I just did one Shared Topic few days ago and now there’s another interesting one right away next week. Awesome. This time, Naithin of Fun in Games asks the following:
Pretend for a moment that WoW hasn’t yet been released. Or perhaps it is, but you’ve never heard of the whole SWG NGE debacle, and thus have no fear about dramatically changing how everything works post-release.
You have the original (or BC, or Wrath, or Current, your pick) design docs to start from, but you’re free to change absolutely everything if you so choose.
With all this power, what would you change? What would make WoW the dream game for you?
A tricky question indeed, especially given that I’m mostly satisfied with how WoW works and plays out. If I had to choose, then I have only two things to add to the current design.
Living NPCs in a living world.
We all know how NPCs work right now. Most of them are still standing in places they started 6 years ago, unless that place no longer exists of course. Only a handful of NPCs ever walk around or do things, and they’re mostly guards, non-interactive citizens or random vendors nobody really needs.
What if every NPC was scripted? Imagine dwarfs in Ironforge leaving their posts and going to a nearby inn for a drink? Vendors and trainers moving around their shops and just doing stuff. Or closing shops for the night – you can still find them nearby, sleeping in their beds and could still interact with them and learn/buy whatever you need (since it’s a game after all, and limiting this to work hours every day would be stupid, especially given that people play in the evenings as well), they just wouldn’t be standing around in one place for all eternity. Imagine if all NPCs would be like the flying trainer in Dalaran – you know, the usually bored Hira Snowdawn, who sometimes flies around the landing pad on her dragonhawk. I always liked that about her.
Also, how about being able to interact with every NPC? After all, they’ve been living in that bloody place forever, surely they would have something to say to a hero like you, wouldn’t they? Or maybe they’d be just scared that a weird looking alien or a walking ex-Scourge wants to talk to them and would run away. There’s a hint of that right now – in some places like Dalaran or Isle of Quel’danas NPCs react to you being exalted with their faction, but while it’s a nice touch to make the player feel noticed by the world, it’s really quite rare and not really enough.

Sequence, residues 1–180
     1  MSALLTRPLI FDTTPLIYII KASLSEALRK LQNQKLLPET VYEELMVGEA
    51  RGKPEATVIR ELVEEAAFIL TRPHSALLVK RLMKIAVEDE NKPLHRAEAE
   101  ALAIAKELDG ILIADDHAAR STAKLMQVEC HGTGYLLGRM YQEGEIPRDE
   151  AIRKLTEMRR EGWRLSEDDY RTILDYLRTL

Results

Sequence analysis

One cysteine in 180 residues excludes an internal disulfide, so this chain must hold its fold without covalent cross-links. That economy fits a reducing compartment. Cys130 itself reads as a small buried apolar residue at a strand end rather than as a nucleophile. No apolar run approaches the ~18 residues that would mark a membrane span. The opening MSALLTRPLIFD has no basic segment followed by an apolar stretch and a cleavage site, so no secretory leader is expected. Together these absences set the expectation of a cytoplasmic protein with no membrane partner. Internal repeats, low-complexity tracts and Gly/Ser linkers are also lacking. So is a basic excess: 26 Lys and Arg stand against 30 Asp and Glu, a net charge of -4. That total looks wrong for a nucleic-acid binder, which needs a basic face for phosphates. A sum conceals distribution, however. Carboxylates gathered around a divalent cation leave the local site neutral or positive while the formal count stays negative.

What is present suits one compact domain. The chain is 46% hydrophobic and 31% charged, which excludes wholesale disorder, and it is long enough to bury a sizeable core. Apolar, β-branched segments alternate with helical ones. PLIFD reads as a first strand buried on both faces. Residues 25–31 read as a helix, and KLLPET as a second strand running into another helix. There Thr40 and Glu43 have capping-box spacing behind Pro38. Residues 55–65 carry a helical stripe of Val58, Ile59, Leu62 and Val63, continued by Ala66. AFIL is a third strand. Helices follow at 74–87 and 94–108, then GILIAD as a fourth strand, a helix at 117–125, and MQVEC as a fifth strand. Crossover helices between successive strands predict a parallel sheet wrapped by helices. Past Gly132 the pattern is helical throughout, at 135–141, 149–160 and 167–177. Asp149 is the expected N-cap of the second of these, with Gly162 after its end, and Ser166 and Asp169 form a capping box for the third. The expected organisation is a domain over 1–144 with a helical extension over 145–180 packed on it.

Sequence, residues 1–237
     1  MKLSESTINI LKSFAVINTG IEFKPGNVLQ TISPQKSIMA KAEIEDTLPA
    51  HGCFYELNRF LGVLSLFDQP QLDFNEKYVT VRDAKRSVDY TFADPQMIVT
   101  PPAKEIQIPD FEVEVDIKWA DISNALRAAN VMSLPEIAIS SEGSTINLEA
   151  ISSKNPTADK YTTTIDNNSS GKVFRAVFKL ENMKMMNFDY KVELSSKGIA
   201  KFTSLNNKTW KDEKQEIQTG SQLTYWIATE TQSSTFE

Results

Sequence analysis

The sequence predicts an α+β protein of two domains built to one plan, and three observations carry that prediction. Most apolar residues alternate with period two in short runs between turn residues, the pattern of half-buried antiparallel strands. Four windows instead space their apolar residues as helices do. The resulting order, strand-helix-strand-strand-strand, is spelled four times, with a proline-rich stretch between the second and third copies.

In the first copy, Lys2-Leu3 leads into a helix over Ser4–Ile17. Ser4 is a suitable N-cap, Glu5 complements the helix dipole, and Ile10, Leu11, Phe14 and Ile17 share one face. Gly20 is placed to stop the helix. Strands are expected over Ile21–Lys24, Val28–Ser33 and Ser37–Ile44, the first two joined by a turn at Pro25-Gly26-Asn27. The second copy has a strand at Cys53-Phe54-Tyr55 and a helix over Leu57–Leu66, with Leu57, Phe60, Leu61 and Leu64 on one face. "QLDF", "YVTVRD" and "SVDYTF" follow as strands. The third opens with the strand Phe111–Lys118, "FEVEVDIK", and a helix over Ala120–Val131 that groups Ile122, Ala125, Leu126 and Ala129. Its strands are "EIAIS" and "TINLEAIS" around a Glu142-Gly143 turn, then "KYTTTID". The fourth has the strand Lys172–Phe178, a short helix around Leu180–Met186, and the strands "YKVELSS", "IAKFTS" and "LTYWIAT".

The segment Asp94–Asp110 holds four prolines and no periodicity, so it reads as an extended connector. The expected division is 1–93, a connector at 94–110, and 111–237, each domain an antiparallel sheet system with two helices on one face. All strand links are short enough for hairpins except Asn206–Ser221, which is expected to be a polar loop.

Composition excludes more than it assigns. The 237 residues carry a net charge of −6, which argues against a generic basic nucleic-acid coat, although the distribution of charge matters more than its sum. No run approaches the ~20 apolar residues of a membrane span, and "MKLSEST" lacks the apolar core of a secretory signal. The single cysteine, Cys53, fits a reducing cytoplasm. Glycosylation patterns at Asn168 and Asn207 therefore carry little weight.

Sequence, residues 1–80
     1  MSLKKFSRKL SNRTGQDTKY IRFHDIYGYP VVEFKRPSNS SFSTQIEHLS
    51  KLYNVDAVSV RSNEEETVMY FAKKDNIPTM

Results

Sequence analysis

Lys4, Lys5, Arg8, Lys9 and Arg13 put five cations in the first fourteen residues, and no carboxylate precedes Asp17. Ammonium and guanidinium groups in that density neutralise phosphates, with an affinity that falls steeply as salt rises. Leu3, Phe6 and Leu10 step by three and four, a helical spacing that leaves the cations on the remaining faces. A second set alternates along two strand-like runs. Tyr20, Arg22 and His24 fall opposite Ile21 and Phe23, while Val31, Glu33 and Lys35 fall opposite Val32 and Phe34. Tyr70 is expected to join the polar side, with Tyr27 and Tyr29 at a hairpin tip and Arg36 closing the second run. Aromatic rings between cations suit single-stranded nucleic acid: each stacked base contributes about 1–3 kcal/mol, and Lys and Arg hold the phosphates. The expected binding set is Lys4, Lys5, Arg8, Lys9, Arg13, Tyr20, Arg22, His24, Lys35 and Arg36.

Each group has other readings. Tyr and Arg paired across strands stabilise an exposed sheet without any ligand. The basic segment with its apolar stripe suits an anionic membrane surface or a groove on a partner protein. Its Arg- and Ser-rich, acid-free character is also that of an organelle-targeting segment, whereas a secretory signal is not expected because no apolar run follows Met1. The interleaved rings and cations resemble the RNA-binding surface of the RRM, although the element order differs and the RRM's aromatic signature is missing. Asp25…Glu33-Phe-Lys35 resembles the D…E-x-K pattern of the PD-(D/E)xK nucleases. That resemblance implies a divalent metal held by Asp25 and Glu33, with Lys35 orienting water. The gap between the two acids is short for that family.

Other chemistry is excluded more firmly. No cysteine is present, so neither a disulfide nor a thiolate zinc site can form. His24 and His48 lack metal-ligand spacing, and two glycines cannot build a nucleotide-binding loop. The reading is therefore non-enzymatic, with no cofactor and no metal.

Scripting all NPCs would really make Azeroth feel more alive.
Quest choices and consequences.
There’s a very cool quest in the Mount Hyjal, called A Bird in Hand. You and Thisalee Crow have to capture and interrogate the harpy matron. And the interrogation is nothing like the infamous quest in the Borean Tundra that so many people disliked.
You have a choice of how to ask the harpy and what to do with her afterwards. This is an awesome thing, but what if this choice affected the later quests given by Thisalee? Not to the point of making them completely unavailaible if you make the wrong choice, but just having a slightly different quest texts would be enough. Having the choice in the quest itself is already awesome, now how about making that quest matter?
That’s not to say I’d like to see some kind of a morality system like in Fallout or Fable, though that’s also not a bad idea in itself. I just want NPCs to react to my character’s actions. If I kill and torture that captured harpy, surely it should have some kind of an effect on the druids that are camping the nearby place. Would they give me bad looks then and talk like all they want is to make me go away from their place as fast as it’s possible?